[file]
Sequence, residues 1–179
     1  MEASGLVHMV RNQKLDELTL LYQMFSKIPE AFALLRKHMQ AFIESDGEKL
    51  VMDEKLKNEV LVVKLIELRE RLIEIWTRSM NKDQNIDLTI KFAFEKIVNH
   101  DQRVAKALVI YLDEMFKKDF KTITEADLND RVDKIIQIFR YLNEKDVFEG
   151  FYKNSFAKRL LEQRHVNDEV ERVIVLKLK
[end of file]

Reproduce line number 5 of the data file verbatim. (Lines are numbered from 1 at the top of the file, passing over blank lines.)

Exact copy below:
   151  FYKNSFAKRL LEQRHVNDEV ERVIVLKLK